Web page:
Of all the things I learnt at university, one thing stuck with me the most… Think critically.
Everyday people share their thoughts, opinions, ideas and ‘facts’. Sometimes with the intent to persuade, sometimes to inform, or sometimes simply to just share.
Opinions in particular can be powerful little beasts. Regardless of whether the opinion is positive or not and regardless of whether the intent of sharing the opinion is to persuade or not, they are still extremely persuasive. They can cause doubt and confusion in our own thoughts and beliefs about something especially if it is something personal to us, and this is okay. But we must think critically about the opinion before we decide that what has been said, is.
The way we all see and perceive things are different. The story we have in our heads can be completely different to the story someone else perceives, even when following a similar pathway. Someone’s weight loss journey could lead to an abundance of happiness and new opportunities, while someone on the identical journey with the same results may experience nothing the same because of our own stories and perceptions. It is probably one of the most interesting things about us humans.
So how much weight should we put into another’s opinion?
I think ALL opinions should be considered with a radically open mind. The more thoughts and ideas available, the better chance you have of making the best possible or most correct decision. But keep in mind that A LOT of opinions will be useless and irrelevant, if not detrimental to your goals if you put too much weight on them. So be critical.
All of my articles over the past 6 months could be read as valuable mind opening and thought provoking material to one person, but absolute waffle to another. And that is completely true as I see the handful of weekly unsubscribes in my data. And that is okay, because I like what I am writing and I enjoy the process. I value the quality follow up conversations I get to have each week with my members, friends and my dad about the articles I write. If I were to let the unsubscribe’s (opinions) affect my perception of what I am doing ahead of the new subscribes, valuable conversation and large amount of positive feedback, what would happen to my articles and those that enjoy reading them? Should I give up because some people are unsubscribing?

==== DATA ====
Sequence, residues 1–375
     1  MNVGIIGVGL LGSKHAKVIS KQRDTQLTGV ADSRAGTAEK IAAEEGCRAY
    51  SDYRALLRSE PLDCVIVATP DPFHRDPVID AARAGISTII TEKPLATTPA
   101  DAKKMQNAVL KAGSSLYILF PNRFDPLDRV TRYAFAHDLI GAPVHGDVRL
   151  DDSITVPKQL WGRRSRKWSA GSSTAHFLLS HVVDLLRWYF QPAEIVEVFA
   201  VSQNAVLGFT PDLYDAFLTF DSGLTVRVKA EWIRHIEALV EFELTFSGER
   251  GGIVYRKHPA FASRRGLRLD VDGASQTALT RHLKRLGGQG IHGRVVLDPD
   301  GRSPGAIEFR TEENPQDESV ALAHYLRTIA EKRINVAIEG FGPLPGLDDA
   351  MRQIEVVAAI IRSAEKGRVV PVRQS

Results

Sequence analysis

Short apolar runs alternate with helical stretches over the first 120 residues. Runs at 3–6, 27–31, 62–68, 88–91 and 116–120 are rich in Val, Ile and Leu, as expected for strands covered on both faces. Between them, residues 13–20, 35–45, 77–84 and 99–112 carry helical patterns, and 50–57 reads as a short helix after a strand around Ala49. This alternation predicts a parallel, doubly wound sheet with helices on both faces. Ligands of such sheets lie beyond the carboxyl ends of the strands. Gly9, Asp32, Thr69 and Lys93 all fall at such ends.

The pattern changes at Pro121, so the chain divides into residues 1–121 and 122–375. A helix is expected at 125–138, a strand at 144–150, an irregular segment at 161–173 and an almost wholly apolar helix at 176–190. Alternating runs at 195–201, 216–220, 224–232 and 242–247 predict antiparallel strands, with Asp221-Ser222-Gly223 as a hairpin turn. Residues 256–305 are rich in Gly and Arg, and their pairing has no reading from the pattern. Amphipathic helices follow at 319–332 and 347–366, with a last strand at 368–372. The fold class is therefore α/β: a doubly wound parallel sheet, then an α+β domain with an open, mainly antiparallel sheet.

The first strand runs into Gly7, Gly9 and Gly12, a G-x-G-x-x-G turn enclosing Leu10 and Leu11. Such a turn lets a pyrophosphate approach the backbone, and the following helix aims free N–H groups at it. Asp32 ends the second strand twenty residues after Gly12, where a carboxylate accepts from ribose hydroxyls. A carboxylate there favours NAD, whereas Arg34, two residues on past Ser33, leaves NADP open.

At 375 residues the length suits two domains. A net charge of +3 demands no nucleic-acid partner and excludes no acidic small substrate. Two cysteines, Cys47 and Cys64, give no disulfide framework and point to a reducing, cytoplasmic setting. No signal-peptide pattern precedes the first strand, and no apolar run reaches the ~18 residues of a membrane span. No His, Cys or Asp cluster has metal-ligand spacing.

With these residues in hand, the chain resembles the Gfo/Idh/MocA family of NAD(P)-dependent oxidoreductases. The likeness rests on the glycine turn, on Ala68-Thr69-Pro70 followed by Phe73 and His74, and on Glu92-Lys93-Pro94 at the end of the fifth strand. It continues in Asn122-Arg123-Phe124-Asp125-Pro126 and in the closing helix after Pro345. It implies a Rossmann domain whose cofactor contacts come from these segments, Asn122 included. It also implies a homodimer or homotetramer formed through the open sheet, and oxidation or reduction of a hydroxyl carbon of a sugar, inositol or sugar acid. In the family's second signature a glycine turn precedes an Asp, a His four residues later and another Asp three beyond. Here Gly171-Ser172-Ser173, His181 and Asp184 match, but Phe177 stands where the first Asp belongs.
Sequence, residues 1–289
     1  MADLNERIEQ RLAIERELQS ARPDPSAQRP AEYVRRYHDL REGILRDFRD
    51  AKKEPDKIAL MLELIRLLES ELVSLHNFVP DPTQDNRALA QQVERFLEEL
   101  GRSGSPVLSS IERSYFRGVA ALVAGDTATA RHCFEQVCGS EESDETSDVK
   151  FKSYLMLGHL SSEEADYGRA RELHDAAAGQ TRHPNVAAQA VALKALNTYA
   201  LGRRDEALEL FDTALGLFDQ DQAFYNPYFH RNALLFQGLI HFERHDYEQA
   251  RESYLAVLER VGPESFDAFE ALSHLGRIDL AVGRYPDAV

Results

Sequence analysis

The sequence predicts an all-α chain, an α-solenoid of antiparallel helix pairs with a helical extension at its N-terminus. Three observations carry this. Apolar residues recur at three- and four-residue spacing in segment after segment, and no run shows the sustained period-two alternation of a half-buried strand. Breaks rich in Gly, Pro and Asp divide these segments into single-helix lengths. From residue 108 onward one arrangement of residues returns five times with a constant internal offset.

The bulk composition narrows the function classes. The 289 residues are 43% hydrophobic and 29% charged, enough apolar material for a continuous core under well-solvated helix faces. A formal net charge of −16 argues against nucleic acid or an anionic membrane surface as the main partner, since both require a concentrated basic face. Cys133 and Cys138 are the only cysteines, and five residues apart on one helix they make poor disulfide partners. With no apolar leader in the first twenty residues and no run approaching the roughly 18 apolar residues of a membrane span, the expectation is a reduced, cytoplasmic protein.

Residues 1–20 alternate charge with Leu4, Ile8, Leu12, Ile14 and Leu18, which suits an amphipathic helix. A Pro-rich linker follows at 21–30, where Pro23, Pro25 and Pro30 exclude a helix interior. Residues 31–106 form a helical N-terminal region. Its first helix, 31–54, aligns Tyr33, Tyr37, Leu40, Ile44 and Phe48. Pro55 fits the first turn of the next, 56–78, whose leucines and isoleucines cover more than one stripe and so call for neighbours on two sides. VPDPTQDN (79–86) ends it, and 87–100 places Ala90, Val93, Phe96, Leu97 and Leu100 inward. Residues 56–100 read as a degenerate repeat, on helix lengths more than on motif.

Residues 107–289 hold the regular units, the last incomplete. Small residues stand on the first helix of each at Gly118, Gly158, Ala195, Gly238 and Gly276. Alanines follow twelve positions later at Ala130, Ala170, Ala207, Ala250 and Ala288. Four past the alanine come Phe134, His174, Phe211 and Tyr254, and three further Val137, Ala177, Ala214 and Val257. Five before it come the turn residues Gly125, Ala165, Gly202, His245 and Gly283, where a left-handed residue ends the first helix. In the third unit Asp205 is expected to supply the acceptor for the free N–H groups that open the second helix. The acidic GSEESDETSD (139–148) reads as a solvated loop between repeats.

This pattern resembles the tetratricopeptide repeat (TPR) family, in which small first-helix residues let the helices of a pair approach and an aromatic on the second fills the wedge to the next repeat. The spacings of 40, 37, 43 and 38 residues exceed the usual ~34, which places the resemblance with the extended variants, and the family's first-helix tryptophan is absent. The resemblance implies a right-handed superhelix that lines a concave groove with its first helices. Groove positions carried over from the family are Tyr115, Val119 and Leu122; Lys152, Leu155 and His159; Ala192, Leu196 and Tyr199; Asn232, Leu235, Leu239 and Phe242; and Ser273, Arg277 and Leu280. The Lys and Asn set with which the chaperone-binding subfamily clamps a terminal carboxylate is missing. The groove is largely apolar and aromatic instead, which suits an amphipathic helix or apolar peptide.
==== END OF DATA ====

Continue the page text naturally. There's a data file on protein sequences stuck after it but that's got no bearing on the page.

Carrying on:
When I posted a question on my Instagram story last month as to whether I should turn these articles into an ebook, 2 people I know well and have been close to for years voted NO.
Did it surprise me? Yeah for sure!
Did it hurt? Of course.
Should it stop me when 20 others said YES? Of course not!
But don’t situations like this like to play on your mind? Those 1 or so voices that seem to mask the positive ones? Just like haters on social media… 50,000 likes, 2,000 comments of love, but 100 comments of hate. Who should you listen to?
I find commonly that two major things cause us the most doubt in our current ideas and values:
  1. Things that we are already a little insecure about. Eg. Our weight, the shape of our boobs, our ears, our confidence in a new venture, overcoming something that for some time had been a delicate issue, which now has a sense of pride attached, but is still vulnerable to being devalued.
  2. The closeness of the relationship with the person sharing their opinion. Eg. Your mum, partner, best mate.
1/ When you are trying to get yourself a little healthier and leaner, you are peaking with insecurity and vulnerability. Every opinion that flys around, especially negative ones, can stick.
You need to go high fat.
You need to do intermittent fasting or else it won’t happen.
You need HIIT.
Have you tried this new skinny coffee?
Don’t do CrossFit.
You need to run more, it’s the only way to burn fat.
You’ve still got at least another 8kg to lose.
Your boobs are going to shrink.
I haven’t noticed any changes yet.